Dugout Canoe Aims to Reproduce Ancient Voyage to Japan
Newsfrom JapanScience Society Technology
Tokyo, July 7 (Jiji Press)--A dugout canoe left the eastern coast of Taiwan for the southwestern Japan island of Yonaguni Sunday afternoon, in a project to reproduce a journey that brought early settlers to the Japanese archipelago over 30,000 years ago.
The canoe, powered by five veteran paddlers--four men and one woman--needs to cover the distance of at least some 200 kilometers before reaching the Okinawa Prefecture island.
It is scheduled to arrive at the island in about a day and a half if things go smoothly, according to Japan's National Museum of Nature and Science, which leads the project. The trip may be canceled depending on weather and ocean conditions.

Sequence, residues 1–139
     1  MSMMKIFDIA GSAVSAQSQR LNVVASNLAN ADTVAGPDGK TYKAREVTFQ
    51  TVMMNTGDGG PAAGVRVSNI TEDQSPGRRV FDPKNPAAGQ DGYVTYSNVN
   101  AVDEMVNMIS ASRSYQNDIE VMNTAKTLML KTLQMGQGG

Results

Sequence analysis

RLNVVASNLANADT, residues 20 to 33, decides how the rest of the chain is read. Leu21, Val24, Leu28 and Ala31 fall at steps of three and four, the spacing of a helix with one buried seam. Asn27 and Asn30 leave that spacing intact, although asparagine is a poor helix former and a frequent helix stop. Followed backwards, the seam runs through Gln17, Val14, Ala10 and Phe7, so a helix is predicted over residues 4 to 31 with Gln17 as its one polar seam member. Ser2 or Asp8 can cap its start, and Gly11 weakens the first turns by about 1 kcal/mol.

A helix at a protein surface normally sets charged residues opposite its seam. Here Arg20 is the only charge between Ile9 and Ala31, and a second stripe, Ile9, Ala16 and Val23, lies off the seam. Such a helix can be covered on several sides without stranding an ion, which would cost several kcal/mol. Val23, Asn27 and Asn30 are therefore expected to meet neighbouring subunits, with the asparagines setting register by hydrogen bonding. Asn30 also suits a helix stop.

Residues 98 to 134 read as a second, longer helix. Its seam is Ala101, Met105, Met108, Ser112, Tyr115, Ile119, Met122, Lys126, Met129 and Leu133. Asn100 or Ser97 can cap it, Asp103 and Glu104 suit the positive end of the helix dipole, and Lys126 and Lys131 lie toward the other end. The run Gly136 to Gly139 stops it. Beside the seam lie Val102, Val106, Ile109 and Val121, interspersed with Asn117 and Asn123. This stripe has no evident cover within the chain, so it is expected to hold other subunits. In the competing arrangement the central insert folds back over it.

The canoe is about 7.5 meters long and up to 70 centimeters wide and weighs an estimated 350 kilometers. It is being accompanied by another ship to ensure its safety.
The trip relies on the stars and other natural phenomena for guidance without using maps, compasses and watches, though the canoe is loaded with water and food.
[Copyright The Jiji Press, Ltd.]